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The Herald

Lynne Nugent

What do TIR graduate student editors do when they're not opening mail at the office? Writing, of course! Between afternoons of paper cuts and envelope licking, former occupant of TIR's fiction desk Josh Rolnick was working on a collection of stories he will be back in town reading at Prairie Lights tonight. Here's an excerpt:


Jennifer Bowen Hicks

God Bless America could almost be read as thirteen irreverent prayers: Dear [Whomever]: save us from our smallness. But no prayer will make you laugh the way Steve Almond does with his newest collection of stories, one of which was included in America’s Best, another in the Pushcart Prize Anthology. In Almond’s America, parents and children, TSA agents and smart-mouthed kids, horny Jews and voyeuristic mothers do embody American tics and isms—racism and escapism to name just a couple—but they’re at their most tragic when they orbit around each other, failing to connect. Time and again, as Almond’s characters almost touch (sometimes physically, sometimes emotionally), there’s a nearly visceral hesitation: will they or won’t they do it?

Utne Reader: What Are YOU Looking At?

Sarah Kosch

I may be sentimental to an obscene degree, but I think most of us can agree that Susan McCarty’s “Services Pending” from our Fall 2010 issue and Danielle Deulen's “Aperture” from Spring 2011 are two essays that sucker-punch one somewhere under the ribcage and leave—if not full-on tears—at least a pause. It was no surprise to me when Lynne told me Utne Reader had reprinted the former and was also interested in reprinting the latter. I didn’t know what Utne was all about, but I was already convinced of their superior taste.

Then Lynne handed me an issue to look through, and Hugh Hefner gazed back at me and asked the question:  “21st Century Sex: What are you looking at?”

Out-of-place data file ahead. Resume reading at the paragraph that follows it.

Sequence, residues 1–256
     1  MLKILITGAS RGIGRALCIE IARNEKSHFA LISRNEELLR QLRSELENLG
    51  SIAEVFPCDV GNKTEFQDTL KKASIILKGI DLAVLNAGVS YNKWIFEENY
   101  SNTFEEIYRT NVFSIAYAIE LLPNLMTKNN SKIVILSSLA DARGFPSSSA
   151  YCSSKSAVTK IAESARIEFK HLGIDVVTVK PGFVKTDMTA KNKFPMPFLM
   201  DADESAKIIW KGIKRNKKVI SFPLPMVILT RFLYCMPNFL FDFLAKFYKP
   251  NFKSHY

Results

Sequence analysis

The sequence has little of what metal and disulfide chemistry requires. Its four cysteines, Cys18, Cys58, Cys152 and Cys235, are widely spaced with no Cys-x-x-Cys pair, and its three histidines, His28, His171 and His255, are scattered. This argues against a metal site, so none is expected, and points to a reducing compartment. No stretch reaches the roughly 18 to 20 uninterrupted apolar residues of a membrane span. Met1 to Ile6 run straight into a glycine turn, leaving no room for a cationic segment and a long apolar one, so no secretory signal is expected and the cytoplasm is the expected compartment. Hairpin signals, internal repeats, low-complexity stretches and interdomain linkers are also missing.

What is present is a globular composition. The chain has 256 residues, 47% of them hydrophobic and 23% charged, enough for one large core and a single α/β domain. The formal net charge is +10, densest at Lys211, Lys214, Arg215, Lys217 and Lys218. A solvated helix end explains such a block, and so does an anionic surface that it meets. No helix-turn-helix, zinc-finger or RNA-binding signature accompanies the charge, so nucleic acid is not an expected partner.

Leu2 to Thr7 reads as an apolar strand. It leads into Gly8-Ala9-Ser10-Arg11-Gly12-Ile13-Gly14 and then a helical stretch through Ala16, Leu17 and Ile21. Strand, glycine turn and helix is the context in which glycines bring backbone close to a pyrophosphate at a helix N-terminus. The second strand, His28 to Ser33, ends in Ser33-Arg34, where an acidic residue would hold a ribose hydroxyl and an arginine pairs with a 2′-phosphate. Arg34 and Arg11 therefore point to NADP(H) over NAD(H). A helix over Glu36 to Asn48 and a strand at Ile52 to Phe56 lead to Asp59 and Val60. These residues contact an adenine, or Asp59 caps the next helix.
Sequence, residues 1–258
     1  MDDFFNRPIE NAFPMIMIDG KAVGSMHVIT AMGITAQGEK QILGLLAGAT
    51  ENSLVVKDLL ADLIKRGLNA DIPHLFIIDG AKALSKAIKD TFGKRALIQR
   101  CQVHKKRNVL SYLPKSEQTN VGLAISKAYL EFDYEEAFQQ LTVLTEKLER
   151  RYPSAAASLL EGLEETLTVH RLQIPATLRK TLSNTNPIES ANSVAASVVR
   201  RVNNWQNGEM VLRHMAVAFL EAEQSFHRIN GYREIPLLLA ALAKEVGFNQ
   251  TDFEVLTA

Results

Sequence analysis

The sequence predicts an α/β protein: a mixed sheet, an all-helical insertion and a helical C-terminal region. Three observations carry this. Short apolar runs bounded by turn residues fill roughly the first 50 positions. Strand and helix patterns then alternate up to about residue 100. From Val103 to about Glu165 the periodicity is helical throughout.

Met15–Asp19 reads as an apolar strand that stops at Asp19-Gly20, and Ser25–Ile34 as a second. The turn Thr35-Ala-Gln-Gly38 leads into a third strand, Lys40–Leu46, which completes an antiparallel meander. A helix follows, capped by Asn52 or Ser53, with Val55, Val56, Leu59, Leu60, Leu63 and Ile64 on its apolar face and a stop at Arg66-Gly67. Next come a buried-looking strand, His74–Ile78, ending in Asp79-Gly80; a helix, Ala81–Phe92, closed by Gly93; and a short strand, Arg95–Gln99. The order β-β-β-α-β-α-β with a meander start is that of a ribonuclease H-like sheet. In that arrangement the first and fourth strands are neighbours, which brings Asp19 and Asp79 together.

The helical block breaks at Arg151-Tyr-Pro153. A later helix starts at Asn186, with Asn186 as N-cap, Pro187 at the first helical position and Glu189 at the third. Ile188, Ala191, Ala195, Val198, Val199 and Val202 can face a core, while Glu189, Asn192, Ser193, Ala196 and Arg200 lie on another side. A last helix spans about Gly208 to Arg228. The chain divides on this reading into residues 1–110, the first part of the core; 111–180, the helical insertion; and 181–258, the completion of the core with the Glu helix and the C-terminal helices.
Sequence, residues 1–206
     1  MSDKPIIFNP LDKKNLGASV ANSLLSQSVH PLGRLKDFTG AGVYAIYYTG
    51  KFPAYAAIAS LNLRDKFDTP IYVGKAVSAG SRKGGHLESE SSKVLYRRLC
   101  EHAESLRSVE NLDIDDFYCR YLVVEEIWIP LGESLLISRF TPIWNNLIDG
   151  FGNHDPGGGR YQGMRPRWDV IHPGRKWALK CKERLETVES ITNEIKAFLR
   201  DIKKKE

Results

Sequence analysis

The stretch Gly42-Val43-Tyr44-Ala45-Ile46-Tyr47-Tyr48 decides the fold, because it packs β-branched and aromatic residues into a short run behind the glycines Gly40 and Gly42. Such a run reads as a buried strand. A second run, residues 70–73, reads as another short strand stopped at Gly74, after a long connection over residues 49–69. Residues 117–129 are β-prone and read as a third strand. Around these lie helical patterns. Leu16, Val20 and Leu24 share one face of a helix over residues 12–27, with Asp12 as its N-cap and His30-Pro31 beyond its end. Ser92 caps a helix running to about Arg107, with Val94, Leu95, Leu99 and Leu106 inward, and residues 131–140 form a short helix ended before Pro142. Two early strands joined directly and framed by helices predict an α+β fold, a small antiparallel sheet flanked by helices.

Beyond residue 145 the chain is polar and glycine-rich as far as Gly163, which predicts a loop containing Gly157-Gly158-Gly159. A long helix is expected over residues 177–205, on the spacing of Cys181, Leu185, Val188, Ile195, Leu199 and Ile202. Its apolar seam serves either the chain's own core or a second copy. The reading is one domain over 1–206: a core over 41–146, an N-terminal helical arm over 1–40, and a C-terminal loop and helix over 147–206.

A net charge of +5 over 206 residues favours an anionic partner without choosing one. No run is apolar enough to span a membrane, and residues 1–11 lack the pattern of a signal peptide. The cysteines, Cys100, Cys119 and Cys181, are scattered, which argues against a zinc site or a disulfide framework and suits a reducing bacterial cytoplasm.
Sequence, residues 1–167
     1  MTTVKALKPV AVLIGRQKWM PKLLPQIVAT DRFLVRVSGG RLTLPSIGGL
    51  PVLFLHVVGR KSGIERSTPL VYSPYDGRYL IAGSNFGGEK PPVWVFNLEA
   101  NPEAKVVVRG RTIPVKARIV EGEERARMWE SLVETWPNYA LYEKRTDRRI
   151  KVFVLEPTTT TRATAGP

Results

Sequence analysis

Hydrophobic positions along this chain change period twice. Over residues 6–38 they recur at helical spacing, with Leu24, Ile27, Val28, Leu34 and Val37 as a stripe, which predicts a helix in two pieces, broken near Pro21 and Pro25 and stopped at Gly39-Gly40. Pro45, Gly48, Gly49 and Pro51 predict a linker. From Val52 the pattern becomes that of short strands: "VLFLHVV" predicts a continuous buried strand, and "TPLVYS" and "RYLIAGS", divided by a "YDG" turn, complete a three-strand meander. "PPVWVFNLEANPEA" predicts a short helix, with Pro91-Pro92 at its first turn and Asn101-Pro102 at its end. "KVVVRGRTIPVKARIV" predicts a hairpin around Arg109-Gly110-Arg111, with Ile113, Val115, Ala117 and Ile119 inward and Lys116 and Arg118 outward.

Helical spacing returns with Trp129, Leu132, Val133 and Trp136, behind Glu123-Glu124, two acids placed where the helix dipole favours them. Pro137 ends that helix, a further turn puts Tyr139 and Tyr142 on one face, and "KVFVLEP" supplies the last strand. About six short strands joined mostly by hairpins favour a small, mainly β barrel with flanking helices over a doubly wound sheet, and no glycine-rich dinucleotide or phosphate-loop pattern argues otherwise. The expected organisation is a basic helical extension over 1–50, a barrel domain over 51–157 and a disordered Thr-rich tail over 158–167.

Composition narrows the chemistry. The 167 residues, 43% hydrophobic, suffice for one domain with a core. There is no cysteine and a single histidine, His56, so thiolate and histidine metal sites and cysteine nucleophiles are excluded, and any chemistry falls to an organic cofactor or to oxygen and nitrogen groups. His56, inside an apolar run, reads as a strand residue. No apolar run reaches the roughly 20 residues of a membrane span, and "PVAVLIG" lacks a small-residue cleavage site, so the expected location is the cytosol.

“I’m not really sure, Hugh,” I said. “But I’m intrigued to find out.”

From the Archive: Ann Patchett's "Africa"

TIR staff

To celebrate Publishers Weekly's naming of Ann Patchett's State of Wonder as one of the Best Books of 2011, we give you her short story "Africa" from our Spring 1988 issue (18/2):



"Boo." Georgia opened the closet door and peered inside. She could hear Lewis' light breathing and make out the shape of his small shoes in the darkness behind the coats. "When someone says 'Boo' you're supposed to say 'Boo' back at them. Otherwise it's bad luck." The silence continued for a while.

"Boo." Lewis said.

An Interview with David Gates

Brian Gresko

Reading David Gates led me to take one of his seminars, with the hope—not unusual for a novice writer—that he might impart some secret to his skill. Writing mostly in the first person, Gates's antihero protagonists are rude and disaffected, erudite and funny—not-so-distant relatives, one imagines, of Holden Caulfield. Like that iconic character, they come across as flawed yet likable, or at least sympathetic, revealing sordid aspects of the human condition with brutal honesty and wicked humor. Gates's debut novel, Jernigan (1991), was short listed for the Pulitzer Prize.


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